Joe Flacco looked tired, or maybe he was just bored. It was hard to tell.
He has prepared for three AFC championship games now, so perhaps the thrill factor — not that Flacco would admit to experiencing such a thing — has worn off.
As excitable Ravens running back Ray Rice stood behind the lectern Wednesday answering questions from a packed auditorium, Flacco sat off to the side waiting his turn. He fidgeted with his hands and stared mostly into space. He looked up occasionally, if only to see whether Rice was almost finished. A black Ravens cap sat snugly on Flacco's head, a few days of facial-hair growth on his face.
Four days earlier, he had rallied the Ravens from a late deficit with a 70-yard touchdown pass to Jacoby Jones, outplayed the great Peyton Manning and beat the heavily favored Denver Broncos in frigid temperatures. The week before that, he helped end Indianapolis Colts phenom Andrew Luck's uplifting season, and he will try to do the same Sunday tonight to the New England Patriots and quarterback Tom Brady on the same stage as one of his best games as a pro.
Often described as understated and ordinary, he has been neither in the playoffs. Flacco's reputation as a big-game quarterback is growing, but as he heads into an AFC championship rematch this evening at Gillette Stadium, he probably needs to beat the Patriots and get the Ravens into the Super Bowl before he'll truly be accepted as one of the NFL's best quarterbacks.
"Your premise is right," said CBS broadcaster Phil Simms, a Super Bowl-winning quarterback with the New York Giants. "He has to win this week, win in the Super Bowl and play well before he gets the accolades and due that maybe he deserves."
Simms, of course, thinks that's wildly unfair.
"People can't admit they are wrong [and say], 'Maybe we looked at him the wrong way," he said. "Nobody can do that. For some reason, he can't be accepted. Maybe, he needs to take a class in how to interview better to come off as being charismatic and for people to say, 'He's got the it factor.' Last year, they couldn't get on him. They said he played well, but if they lose [Sunday night], he will take — if not all — but most of the blame for the Baltimore Ravens."
At times this season, Simms didn't feel that Flacco was as "sharp" as he had been in previous years.
Flacco's pocket presence was lacking and his decision-making was erratic.
But the fifth-year quarterback has emerged from a midseason malaise and his right arm has put the Ravens one game away from the Super Bowl.
Flacco has gone four games and thrown nine touchdown passes since his last interception, and in two playoff games, he has averaged 20.4 yards per completion.
Cool in the postseason
Hall of Fame quarterback Joe Namath, no stranger to postseason heroics, has never met Flacco, but he has watched him closely, observed his toughness and resilience, and understands why the quarterback out of Delaware already has seven playoff wins, five of them on the road.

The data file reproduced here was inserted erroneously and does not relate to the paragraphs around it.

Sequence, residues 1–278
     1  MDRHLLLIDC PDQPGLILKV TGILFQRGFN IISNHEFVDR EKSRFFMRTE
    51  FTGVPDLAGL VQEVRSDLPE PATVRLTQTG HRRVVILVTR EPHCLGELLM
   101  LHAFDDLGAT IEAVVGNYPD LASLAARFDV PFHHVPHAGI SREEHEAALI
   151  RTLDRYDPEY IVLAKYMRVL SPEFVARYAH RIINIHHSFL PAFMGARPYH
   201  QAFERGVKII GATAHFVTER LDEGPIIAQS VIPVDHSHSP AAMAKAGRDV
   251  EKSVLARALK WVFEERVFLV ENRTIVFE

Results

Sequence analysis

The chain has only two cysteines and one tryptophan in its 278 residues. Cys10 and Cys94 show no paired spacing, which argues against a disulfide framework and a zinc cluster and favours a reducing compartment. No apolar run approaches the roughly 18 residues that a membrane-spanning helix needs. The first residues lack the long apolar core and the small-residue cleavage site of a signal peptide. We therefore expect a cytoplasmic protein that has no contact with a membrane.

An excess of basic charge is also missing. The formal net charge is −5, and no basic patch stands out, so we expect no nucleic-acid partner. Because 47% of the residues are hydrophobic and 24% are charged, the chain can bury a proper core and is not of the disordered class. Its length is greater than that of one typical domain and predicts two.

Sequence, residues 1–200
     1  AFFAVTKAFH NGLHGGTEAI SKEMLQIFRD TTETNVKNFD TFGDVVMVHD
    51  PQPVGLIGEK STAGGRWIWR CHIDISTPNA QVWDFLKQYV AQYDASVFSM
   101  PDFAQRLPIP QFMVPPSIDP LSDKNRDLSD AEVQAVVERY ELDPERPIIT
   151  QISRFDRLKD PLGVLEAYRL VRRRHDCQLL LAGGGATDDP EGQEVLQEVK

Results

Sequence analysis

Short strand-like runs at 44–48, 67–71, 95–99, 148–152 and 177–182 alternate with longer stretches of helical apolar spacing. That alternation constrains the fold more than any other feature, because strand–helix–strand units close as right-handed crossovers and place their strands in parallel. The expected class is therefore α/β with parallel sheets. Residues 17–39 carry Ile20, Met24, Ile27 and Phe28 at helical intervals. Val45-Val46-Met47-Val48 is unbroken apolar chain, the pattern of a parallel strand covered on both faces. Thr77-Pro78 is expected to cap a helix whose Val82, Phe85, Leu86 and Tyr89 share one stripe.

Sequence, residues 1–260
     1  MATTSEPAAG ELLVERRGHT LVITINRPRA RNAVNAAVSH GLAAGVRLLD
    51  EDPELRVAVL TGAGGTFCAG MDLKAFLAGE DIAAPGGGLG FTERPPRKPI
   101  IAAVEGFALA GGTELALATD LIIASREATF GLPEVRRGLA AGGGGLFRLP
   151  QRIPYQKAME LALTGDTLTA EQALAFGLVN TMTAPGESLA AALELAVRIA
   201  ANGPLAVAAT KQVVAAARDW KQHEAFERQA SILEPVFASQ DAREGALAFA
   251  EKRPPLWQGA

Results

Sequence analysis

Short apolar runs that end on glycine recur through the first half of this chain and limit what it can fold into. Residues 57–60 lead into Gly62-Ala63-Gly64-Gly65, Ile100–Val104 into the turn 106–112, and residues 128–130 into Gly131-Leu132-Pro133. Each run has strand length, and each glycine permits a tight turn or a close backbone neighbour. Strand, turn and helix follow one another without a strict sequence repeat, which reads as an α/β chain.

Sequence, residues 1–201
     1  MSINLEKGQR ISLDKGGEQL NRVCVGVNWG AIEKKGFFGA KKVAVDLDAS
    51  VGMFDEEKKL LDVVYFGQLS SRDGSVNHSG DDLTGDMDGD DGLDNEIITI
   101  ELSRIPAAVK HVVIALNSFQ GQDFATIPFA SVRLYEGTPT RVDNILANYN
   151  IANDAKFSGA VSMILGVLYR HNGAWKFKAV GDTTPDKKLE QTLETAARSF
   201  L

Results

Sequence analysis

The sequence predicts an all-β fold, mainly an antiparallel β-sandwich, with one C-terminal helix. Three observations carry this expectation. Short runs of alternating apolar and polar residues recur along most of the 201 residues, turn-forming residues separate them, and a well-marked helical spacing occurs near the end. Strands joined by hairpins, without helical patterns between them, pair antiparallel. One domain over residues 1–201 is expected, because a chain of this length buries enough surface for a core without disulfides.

"I'm a big fan of Joe because I know this has not all been good for him," Namath said. "He's had some tough times, yet he's steely, he's in command. Joe's been through every darn situation that you can imagine except, I guess, the Super Bowl."
The comments that mean the most to Flacco, who is a little amused and a lot indifferent about the media debate about where he ranks in the quarterback hierarchy, come from his teammates.
"Look at Joe's track record," Ravens linebacker Ray Lewis said. "Joe has progressed every year. He is growing up right before our eyes, and no matter how big the game is, the game never gets too big for Joe. He has a great opportunity to etch his name into the record books of doing something in the playoffs that no quarterback has ever done. I'm just glad to be along for the ride."
Already in his third AFC championship game, Flacco is the first quarterback since the 1970 merger to lead a team into the playoffs in his first five seasons, and he has won at least one postseason game each year.
Flacco, who turned 28 Wednesday, has won an NFL-best 61 games since entering the league in 2008, and he has yet to miss a start. However, he has never passed for 4,000 yards, completed more than 64 percent of his passes or thrown more than 25 touchdown passes in a season.
His uneven play in the regular season holds him back from getting the type of credit his most ardent supporters say he deserves. However, his torrid play in the postseason is starting to change that.
He has led the Ravens to seven postseason wins in 11 tries. Mostly a game manager earlier in his career, he has thrown for 1,485 yards and 12 touchdowns against two interceptions in his past six playoff games. In two games this postseason, he has thrown for 613 yards with five touchdowns and no interceptions, clearly outplaying Manning and Luck.